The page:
Camila's Drivers On Route to Machine Shop

Taken March 2001, drivers were being trucked to "nearby" Rio Grande (only 250 km from Ushuaia) for replacement of a defective axle roller bearing. The sign gives distances of 100 km to Punta Maria, 134 km to Rio Grande, and 582 km to Rio Gallegos, where the "neighboring" RFIRT terminates.


Camila, June 2001

Smokebox after 41 days in steam. Note very low mounting of the Lempor exhaust nozzle to maximize available total height of stack. Also note fully contoured radius of stack inlet, rather than just a "bellmouth" inlet as was traditionally used, which minimizes flow restriction of exhaust gasses into the stack.

Camila rear/side view

Side/rear view of Camila. Clearly visible are Lempor chimney (note significant taper compared to original stack), air pump exhaust external to chimney, high degree of insulation fitted to air pump steam delivery pipe, water tank gauge, and extra test instrumention fitted inside the cab. New diesel "Tierra del Feugo" built by Girdlestone Rail is visible in the background.

Locomotive Camila on the FCAF

Camila's modifications show that "tourist" locomotives need not be brutally simple engines devoid of any modern design features. The value of the modifications has been proved in day-to-day service on a heavily trafficed, geographically isolated railway where reliability and economy are paramount.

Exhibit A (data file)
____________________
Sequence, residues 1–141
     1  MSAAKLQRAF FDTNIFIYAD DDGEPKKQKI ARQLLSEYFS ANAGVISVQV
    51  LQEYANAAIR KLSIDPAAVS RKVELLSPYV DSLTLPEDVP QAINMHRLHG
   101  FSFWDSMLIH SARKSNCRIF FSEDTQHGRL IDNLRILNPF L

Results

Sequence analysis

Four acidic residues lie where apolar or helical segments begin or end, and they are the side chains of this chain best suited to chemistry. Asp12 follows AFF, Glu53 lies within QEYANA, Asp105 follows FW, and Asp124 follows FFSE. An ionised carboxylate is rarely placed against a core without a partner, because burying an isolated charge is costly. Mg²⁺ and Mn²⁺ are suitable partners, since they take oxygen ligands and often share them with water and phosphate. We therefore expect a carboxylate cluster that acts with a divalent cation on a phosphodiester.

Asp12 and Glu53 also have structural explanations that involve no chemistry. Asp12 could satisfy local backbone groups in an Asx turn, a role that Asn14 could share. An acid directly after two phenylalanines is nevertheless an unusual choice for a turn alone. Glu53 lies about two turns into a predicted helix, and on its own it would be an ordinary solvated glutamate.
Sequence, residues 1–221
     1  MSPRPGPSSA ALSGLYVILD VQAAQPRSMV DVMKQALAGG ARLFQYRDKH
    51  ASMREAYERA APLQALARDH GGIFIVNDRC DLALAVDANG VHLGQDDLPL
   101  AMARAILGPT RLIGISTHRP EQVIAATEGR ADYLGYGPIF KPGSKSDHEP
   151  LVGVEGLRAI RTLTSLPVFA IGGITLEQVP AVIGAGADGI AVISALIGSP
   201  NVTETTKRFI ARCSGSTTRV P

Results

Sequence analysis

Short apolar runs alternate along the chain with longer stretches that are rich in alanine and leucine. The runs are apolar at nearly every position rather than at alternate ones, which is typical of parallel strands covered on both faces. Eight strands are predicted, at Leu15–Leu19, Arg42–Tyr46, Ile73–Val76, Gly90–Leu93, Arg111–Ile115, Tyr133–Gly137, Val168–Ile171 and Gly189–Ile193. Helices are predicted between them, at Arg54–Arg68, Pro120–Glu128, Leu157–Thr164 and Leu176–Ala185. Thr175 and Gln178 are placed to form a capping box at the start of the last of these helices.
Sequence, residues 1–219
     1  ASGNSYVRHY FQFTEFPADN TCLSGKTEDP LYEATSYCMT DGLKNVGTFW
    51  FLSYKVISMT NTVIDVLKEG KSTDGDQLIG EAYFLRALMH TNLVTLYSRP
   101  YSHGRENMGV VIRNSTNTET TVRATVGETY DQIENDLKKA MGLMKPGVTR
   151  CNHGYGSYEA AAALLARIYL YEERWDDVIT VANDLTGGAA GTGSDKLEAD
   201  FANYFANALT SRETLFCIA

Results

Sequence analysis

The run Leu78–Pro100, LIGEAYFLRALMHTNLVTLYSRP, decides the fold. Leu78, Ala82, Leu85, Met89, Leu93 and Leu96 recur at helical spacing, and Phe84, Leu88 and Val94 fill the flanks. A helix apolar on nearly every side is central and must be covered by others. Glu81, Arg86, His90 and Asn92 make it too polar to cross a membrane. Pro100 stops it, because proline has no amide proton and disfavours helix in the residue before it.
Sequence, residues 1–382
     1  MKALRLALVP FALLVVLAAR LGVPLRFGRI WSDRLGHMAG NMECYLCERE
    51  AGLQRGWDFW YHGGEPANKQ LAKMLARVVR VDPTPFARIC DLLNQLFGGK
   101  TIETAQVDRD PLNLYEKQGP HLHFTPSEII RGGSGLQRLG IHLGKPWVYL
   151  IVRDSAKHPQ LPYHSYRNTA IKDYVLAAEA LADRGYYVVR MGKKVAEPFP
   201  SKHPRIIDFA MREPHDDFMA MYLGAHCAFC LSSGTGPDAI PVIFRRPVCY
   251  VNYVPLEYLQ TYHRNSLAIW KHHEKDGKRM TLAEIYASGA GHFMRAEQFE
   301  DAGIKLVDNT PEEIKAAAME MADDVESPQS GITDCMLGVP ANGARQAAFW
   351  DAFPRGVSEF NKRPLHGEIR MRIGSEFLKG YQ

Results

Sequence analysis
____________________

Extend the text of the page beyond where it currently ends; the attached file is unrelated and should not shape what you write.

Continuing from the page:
FCAF No. 2- "L. D. Porta"


As-Built Photo of FCAF No. 2 "Nora"

prior to extensive overhaul in 2001 and renaming as "L. D. Porta"
photo ® by Martin Coumbs

No. 2 is an 0-4-0+0-4-0 Beyer Garratt type locomotive, designed and manufactured in Argentina in 1994. It is based on the first Garratt type locomotive to be built by Beyer Peacock in Manchester in 1909, the K1. No. 2 is reported to be the first steam locomotive built from scratch in Argentina. No. 2 as built had an estimated weight of 9 tons and was designated KM Class.

Much like its sister British-built locomotive Camila, No. 2 was constructed using modern techniques and certain components, but to a very old design. No. 2 has welded steel cylinders and boiler, roller bearing axles, and oil firing, but few other concessions to modern technology. On the other hand, No. 2's Beyer Garratt 0-4-0+0-4-0 wheel arrangement provides a relatively powerful locomotive which rides well, can negotiate tight curves, and which utilizes all its weight for traction.

As a result of the success gained following the overhaul and first stage modification of Camila, Tranex gave sanction for similar work to be carried out to FCAF's other steam locomotive No. 2. The first step in planning No. 2's modifications was to thoroughly evaluate the design and condition of the locomotive. The photos below show Ing. L. D. Porta supervising steam leakage tests on No. 2 as part of this work. A significant amount of work had to be performed on No. 2 to bring it up to the standards established nearly 40 years ago (!!) by Porta on the Rio Turbio Railway in Argentina.

One of the first steps taken prior to beginning the rebuild was to perform detailed steam leakage experiments.  Ing. L. D. Porta himself came down to Ushuaia to supervise the work.

"At the age of 77, Ing. L. D. Porta supervises steam leakage tests on FCAF locomotive 'No. 2'- October 1999."